Alot of cruisers avoid making the passage around Frying Pan Shoals and Cape Fear inlet.  The shoals come pretty far out into the ocean, but with good charts and proper planning of our course, we did not have any concerns or worries as the depth dropped from over 60 feet to just 30 as we passed over the shoals.

In bad weather we know rounding the Cape and transiting the inlet can be daunting and challenging, but the weather this morning was clear and calm.  We turned into the shipping channel approaching Cape Fear Inlet with the sun rising, 2 hours ahead of schedule.  There was a bit of traffic as working boats were starting their days, but nothing that caused any concern.

We had planned to time our arrival with slack water as the current here is pretty strong, and we have to cross the current to enter the channel into Bald Head Island Marina.  But, arriving two hours early means we have to deal with current.  Bob has been getting more and more practice with this and he glided Dreamtime across the current into the marina channel beautifully.

p1030110We arrived at the marina before they were open.  So, we pulled up to the fuel dock, tied up and planned to wait a short while.

We have heard great things about Bald Head Island Marina and the island itself where there are no cars and everyone gets around on golf carts.  Most workers don’t live here but rather commute via the hourly ferry between Southport and the island.  It is mostly a vacation/holiday destination and it is at the end of the season.  We were looking forward to renting a golf cart and exploring and re-provisioning at the local market the next day, but after looking at the weather forecasts for the next few days, we realized that if we didn’t leave tomorrow (Thursday) we probably wouldn’t want to leave until Tuesday.  The forecasts all converged and agreed that the wind would be howling as a cold front makes its way up the coast.  If we leave tomorrow, we will get ahead of the front, and we could wait out any bad weather in Charleston, South Carolina.

We plan to come back to Bald Head Island again and see the sights next time  But for now, we will plan for a midday departure tomorrow and try to find a marina in Charleston.

Finding a marina with space available ended up being more difficult than expected.  Hurricane Matthew had hit Charleston pretty hard.  Charleston City Marina  where we stayed last November has no availability until early December, Charleston Maritime Centre where we stayed in April was destroyed and is closed indefinitely, St John’s Yacht Center was severely damaged and they lost most of their transient dockage, Charleston Harbor Marina couldn’t commit one way or another and said they would give us a call back, even Cooper River Marina which was our last resort due to its location was full and couldn’t say when they might have availability again.  We’ll just go to bed tonight, wake up in the morning, check the weather again and see if anything opens up.  If not, we’ll stay here for a few days, there are definitely worse places to be stuck.   This is some of life’s uncertainty when living the life of cruisers.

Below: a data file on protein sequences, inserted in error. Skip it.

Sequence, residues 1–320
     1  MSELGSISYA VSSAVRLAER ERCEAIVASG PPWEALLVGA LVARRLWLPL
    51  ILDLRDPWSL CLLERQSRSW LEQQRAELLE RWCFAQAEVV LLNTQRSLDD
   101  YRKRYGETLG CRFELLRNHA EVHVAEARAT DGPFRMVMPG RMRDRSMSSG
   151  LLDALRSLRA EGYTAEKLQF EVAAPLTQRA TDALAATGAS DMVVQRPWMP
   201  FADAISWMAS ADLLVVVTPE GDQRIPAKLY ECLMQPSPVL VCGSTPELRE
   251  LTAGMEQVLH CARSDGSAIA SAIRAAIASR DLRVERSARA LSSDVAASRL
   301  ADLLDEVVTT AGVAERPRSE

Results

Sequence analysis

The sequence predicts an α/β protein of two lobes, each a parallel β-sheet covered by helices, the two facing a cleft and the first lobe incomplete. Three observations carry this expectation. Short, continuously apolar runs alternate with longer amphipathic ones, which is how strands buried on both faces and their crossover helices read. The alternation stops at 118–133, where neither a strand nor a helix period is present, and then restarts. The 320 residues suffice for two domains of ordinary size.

Dreamtime’s Distant Cousin…

14 November, 2016 – Morehead City, NC

We are still in Morehead City, NC and waiting for good weather to go offshore.  We had planned for a Sunday departure, but all the weather models finally converged on unfavorable conditions.  The wind howled over the weekend, and last night steady rain was added to the mix .

Tomorrow is looking good for our planned 24 hour passage to Bald Head Island, NC (near Southport) so hopefully the next post will be written from there.

In the meantime, we have watched and helped a number of different boats come and go to this marina.  Today we just helped an old Bayfield 32 (Hull # 71) dock in the slip next to ours.

Bayfields were designed by Ted Gozzard before he sold his interest in 1981 and started his own company building Gozzard Yachts.



You can still see many similarities in the design particulars the Gozzard yacht still includes, such as the scroll work and clipper bow that makes the Gozzard such a distinctive boat.

It’s good to know Ted’s earlier designs have held up well and have stood the test of time.  This bodes well for Dreamtime to carry us safely into the future.


Let the waiting begin….

9 November 2016 – River Dunes – Moreheaad City, NC

Our destination for the day is Morehead City, NC which we know has especially strong current.

When we were making our reservation for the City Docks we were told by the dock master to try to plan to arrive around 3:30 during slack water because the slips are positioned perpendicular to the current making entry and exit a bit tricky when the current is running.  (In reading reviews on the internet we learned watching the boats attempt docking is entertainment for the locals.)

p1030098But first, we navigated the rest of the Neuse River which is known for being choppy and unsettled, i.e. “nasty” as our cruising friends have said.  Today was no different.

We had to beat into 15+ knot winds with gusts to over 20 as we went down the Neuse with water splashing over our bow.

We made the turn into a smaller creek and caught the current behind us.  We were flying!  With the engine running at low RPMs (less than 1800) we were moving along at over 6 miles per hour.  There is no way to easily slow down and if we continue at this pace we will be arriving in Morehead City at the current’s peak.  Oh well….